The outpouring of civil disobedience in Egypt over the past week was an inspiration to me. I watched with wonder and great hope something that I don't know has happened in my lifetime in the Middle East. A largely middle class population, with no clear leadership or alternative, simply decided to stand up and shrug off the autocratic regime that has ruled them for the last fifty years. First, these are educated people. This isn't a poverty-sticken population rising up behind the false hope that a change in leadership will pave the way for their instant well-being. These Egyptians in the streets well understand the ramifications of their actions - and they choose that risk in the hopes of a more free society. Not only that, but there is, to this point, no clear leadership driving these people to demand a change. They rally behind no man. They offer no head to cut off. This is truly one body rising against a single man. It is inspiring.
And then yesterday happened; Mubarak, sensing the writing on the wall, decided to make his stand. Let me be clear; a peaceful uprising has been usurped by a single man's passion for power. Secret police and their conscripts have acted on his behalf to thrust the nation into chaos.
It is a strange illustration of politics in the Middle East. The people of Egypt understand the principles of civil disobedience to bring about change. They understand the greater good of a free society. Mubarak understands none of this. Civil disobedience and protest hold no ultimatum for a man embedded in wealth and power and shamelessly disconnected from the reality of his citizenship. That for which these people take a stand would end the only life Mubarak has ever known. Clearly a man that chooses his personal comfort and lifestyle over the greater good is a a despot.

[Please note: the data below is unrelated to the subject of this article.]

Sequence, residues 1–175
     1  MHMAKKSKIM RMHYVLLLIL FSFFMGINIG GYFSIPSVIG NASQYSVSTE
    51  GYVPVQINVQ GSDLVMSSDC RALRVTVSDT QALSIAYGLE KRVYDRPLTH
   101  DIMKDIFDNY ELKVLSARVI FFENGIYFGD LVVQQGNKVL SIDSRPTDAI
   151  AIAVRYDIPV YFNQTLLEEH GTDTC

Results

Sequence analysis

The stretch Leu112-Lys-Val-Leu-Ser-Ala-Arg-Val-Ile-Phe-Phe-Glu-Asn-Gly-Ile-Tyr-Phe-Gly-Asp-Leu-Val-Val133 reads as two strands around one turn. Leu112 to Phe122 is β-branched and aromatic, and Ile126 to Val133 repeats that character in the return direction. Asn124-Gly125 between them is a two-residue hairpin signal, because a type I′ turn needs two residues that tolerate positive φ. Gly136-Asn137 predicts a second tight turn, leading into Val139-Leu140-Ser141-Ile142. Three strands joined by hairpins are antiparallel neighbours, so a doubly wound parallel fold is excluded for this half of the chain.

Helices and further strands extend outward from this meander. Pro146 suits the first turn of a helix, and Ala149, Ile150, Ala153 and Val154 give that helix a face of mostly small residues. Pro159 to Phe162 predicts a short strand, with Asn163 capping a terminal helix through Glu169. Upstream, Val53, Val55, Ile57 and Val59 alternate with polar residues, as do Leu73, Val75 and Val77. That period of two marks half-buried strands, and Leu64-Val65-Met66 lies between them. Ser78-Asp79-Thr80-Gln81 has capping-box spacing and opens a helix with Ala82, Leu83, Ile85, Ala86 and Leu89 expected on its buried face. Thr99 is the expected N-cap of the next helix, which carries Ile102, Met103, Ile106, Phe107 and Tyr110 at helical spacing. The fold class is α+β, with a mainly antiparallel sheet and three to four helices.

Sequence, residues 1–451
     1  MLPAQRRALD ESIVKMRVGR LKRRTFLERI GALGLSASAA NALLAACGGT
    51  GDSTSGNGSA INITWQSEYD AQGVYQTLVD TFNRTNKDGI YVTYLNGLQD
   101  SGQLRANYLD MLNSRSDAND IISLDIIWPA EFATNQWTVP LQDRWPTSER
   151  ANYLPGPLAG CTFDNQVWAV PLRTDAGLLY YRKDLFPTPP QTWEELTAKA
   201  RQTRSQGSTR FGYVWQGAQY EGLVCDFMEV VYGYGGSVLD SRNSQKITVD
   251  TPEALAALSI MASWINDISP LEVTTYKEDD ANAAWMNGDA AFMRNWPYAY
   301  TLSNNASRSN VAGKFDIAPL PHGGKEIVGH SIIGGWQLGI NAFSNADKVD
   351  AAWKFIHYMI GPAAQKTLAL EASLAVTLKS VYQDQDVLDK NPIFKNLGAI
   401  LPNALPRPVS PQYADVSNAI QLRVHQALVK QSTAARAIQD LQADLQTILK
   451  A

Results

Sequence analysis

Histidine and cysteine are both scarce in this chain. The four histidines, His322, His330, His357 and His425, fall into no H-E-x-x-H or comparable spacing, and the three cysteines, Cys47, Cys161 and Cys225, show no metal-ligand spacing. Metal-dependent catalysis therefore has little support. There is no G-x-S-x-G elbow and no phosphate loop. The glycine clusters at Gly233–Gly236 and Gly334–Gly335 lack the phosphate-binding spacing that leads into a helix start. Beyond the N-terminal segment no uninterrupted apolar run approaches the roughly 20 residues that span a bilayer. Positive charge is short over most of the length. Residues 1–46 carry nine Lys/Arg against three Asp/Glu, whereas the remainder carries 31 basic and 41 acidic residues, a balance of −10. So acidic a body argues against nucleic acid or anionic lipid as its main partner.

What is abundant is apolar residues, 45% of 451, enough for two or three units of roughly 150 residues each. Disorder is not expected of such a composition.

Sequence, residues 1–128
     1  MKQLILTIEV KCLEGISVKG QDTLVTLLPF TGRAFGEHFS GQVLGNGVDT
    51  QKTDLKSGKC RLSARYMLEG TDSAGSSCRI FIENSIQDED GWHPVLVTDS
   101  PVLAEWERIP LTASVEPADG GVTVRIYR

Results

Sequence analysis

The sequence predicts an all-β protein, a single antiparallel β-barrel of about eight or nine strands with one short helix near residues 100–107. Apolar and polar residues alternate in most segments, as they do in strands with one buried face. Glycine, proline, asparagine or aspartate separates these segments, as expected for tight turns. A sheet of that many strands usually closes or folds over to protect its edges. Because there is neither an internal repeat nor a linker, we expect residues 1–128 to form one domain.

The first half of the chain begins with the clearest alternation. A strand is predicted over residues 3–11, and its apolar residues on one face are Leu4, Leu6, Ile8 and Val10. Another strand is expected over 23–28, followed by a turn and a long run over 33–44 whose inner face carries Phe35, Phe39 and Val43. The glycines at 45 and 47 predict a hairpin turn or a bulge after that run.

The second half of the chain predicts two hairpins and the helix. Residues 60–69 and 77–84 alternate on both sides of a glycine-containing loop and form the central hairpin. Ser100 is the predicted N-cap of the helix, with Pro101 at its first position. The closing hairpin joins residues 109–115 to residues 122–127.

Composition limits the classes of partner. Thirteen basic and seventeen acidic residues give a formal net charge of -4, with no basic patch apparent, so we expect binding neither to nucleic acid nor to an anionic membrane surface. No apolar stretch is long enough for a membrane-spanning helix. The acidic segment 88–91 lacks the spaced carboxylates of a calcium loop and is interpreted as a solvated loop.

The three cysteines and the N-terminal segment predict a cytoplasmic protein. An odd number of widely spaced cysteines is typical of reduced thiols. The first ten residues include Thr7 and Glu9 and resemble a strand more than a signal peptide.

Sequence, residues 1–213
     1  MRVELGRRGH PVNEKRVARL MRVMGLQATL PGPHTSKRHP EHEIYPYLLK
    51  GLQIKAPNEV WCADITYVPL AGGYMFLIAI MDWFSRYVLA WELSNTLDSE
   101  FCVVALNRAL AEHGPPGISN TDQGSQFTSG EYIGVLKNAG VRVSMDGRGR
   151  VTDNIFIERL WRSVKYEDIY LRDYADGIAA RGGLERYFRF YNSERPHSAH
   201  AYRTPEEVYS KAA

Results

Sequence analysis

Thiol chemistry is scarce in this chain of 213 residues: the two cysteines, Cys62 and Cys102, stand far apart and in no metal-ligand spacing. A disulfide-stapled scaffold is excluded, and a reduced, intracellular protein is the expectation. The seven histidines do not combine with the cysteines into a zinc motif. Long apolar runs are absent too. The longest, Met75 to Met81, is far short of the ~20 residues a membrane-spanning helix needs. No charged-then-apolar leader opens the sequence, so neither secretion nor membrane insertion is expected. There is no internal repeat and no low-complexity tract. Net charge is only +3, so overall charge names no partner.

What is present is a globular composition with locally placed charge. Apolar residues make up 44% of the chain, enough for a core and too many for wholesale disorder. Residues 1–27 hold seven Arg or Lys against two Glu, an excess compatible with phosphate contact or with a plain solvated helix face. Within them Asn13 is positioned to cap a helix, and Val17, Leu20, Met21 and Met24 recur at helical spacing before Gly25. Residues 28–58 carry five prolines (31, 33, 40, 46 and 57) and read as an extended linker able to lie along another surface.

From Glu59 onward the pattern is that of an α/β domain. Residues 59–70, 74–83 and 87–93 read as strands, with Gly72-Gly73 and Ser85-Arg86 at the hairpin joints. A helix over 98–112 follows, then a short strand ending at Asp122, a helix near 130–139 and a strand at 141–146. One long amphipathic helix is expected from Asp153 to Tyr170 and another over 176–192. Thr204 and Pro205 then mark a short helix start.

I am smart enough to watch the television and discern all of this. Yet sadly, sitting in the greatest bastion of liberty this world has known, I also understand that my people will do little or nothing to help the people of Egypt. We can't. This is not "our fight". We have no vested interest in Egypt. If we were to intervene the American people would, justly, cry foul of putting US lives at risk for another nation. A US intervention would most likely doom a new leadership to suspicions of a puppet government, with the US and Israel being the grand puppeteer. Not to mention that we simply are not good nation builders (see Afghanistan and Iraq).
We live in an incredibly complex world. There are an infinite number of forces at play at all times. In these moments when these forces collide, we are often left with no choice but to realize their power and our smallness. And that is where I sit; feeling small in a world with forces I will never be able to control. Yet I am awed by the fact that so many in Egypt have decided they may be able to change the tides these forces control, and I wish them all the best. I will continue to watch them struggle and offer prayers that God may find their cause just and pave the way for a better Egypt.